Should you be taking a daily aspirin to prevent a heart attack or stroke?
For decades, taking a low-dose aspirin to prevent heart attacks and strokes has been the standard advice. When the news hit recently that the U.S. Preventative Services Task Force has reversed that advice as an automatic recommendation for middle-aged people because of an increased risk of bleeding issues, patients were confused, and doctors were left to explain.
There’s no reason to panic or automatically stop taking a daily aspirin, said Cardiologist Lawrence McAuliffe, MD, at Cape Cod Healthcare Cardiovascular Center in Hyannis. The aspirin “news” isn’t really even news, he explained, and it only applies to those who have not already had a cardiovascular event.
“As long ago as 10 years ago, the advice was not to take aspirin simply as a primary preventative strategy,” he said. “Obviously, there is a big difference between primary and secondary prevention. Primary prevention is to prevent the initial event. Secondary is you have had an event and are trying not to have another one.”
The old guidelines for prevention of secondary events remain the same. Anybody who has had any kind of cardiovascular event such as a heart attack, aborted heart attack, stent, or stroke should be on an aspirin or possibly a prescription blood thinner, depending on what their diagnosis was, he said.
But there are always exceptions to every rule and doctors need to look at the patient in front of them, rather than blindly following guidelines, Dr. McAuliffe said. He used the example of a 50-something-year-old man who has not had a heart attack, but is overweight, diabetic, hypertensive and smokes. A cardiologist would use a risk calculator to establish what that patient’s actuarial risk would be over the next 10 years.
“In addition to aggressively treating all of their cardiovascular risk factors, if they are judged to be high risk, which would be a better than 10 percent risk of a major cardiovascular event over the next ten years - defined as heart attack, stroke or death - then that person may well be someone who ought to take an aspirin as part of their treatment regimen and strategy,” he said.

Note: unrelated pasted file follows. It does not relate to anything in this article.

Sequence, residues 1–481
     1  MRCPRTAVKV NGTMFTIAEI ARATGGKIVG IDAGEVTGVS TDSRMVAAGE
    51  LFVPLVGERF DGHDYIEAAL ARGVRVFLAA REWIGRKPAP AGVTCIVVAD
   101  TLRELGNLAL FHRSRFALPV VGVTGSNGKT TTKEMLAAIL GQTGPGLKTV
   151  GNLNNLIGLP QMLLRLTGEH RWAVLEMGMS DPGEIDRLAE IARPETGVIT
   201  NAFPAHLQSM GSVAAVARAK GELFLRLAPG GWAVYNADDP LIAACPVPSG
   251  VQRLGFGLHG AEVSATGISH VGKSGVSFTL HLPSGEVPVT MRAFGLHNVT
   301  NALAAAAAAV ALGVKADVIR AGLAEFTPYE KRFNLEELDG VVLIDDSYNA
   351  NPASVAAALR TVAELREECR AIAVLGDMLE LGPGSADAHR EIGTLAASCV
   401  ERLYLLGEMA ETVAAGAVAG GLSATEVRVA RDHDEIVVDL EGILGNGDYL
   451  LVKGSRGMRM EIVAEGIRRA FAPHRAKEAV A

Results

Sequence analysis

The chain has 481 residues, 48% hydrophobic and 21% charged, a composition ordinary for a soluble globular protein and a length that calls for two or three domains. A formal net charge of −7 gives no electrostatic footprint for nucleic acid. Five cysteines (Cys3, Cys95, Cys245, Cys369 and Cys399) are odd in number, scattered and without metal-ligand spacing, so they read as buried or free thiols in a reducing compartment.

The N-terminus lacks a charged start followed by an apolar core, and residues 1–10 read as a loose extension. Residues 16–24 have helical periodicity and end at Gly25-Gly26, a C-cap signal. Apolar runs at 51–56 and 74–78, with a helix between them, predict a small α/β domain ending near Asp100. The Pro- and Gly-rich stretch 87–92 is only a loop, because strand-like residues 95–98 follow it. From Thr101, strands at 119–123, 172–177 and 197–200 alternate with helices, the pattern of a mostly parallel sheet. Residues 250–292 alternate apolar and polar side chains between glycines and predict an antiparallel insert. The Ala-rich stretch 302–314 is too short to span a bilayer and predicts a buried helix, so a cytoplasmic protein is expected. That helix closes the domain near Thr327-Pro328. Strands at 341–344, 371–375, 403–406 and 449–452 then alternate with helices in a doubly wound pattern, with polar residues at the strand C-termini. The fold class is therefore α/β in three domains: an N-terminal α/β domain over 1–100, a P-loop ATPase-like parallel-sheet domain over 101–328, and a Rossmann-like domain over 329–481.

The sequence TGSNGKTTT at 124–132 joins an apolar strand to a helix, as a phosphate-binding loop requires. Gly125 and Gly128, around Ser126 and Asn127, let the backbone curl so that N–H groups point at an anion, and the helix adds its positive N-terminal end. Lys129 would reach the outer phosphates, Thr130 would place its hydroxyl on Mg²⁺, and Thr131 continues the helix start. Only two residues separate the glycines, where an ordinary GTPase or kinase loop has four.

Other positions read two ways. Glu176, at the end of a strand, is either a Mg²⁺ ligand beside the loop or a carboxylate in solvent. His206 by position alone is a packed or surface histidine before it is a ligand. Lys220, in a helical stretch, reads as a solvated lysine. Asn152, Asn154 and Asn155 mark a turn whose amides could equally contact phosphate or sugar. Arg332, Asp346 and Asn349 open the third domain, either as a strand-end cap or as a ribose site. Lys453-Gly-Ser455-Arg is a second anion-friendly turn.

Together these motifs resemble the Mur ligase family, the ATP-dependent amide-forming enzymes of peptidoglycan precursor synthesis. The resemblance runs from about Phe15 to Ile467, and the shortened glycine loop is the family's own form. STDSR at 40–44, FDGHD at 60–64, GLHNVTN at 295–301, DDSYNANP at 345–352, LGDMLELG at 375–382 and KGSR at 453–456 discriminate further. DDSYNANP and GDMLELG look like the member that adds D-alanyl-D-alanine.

But if that same patient had five diverticular bleeds or had a hemorrhagic event at some point, or had bleeding in their urine, in the absence of a documented cardiac event, a doctor may choose not to treat that patient with aspirin because the risk of dangerous bleeding might be worse than the risk of a cardiac event.
Patients with atrial fibrillation also need a more customized approach to treatment. Since atrial fibrillation is associated with about a fivefold increased risk of ischemic (blood clot) stroke, doctors try to maximize their protection against vascular ischemic events, which include taking aspirin and Plavix. They may also try to protect against the thrombotic events from atrial fibrillation by prescribing Coumadin or one of the newer blood thinners.
For that patient, taking three blood-thinning agents at the same time really ups the ante for bleeding events, so a doctor might prescribe all three for a month and then drop the aspirin from the regimen.
“We are always thinking about what conditions are we treating and what is the least amount of medication we can use, thereby exposing the patient to the least amount of risk by overmedication, but at the same time not under-medicating so we don’t adequately protect them.
It’s always about the individual patient and information at hand and the physician’s best guidance for that particular patient,” Dr. McAuliffe said.
Part of the reason the guidelines changed goes back to how the aspirin advice began in the first place. In the 1980s, researchers did a study of 22,071 physicians to evaluate the role of aspirin in the prevention of cardiovascular mortality. The Physicians’ Health Study was terminated three years early because the results were so impressive. After five years of follow-up, there was a 44% reduction in the risk of a first myocardial event.
Around the same time, the Nurses’ Health Study of 79,319 women showed a small dose of daily aspirin reduced cardiac events and strokes. Both studies were skewed by their included populations, Dr. McAuliffe pointed out. Doctors aren’t representative of the general population and the nurses’ study was all women. But nevertheless, the recommendation took hold.
“The preventative advice was to give aspirin to men and women to reduce stroke and heart attack,” he said. “So that became the guidance that people were receiving in that time-frame. They acknowledged that people on aspirin antiplatelet treatment can have bleeding issues but the feeling was that we were preventing enough cardiovascular events to justify what was thought to be a relatively minor risk of those bleeding events.”
Over time, the guidelines from the American Heart Association, the American College of Cardiology and the European Heart Association began to recognize that not everyone should be on aspirin, so the guidelines changed.
“We apply the best guideline-directed medical therapy that we have now, and that changes over time,” Dr. McAuliffe said. “Here’s a recommendation that was fairly robust back in the 80s and 90s, which, while still having some importance today, is no longer the broad-brush recommendation now that it was then.”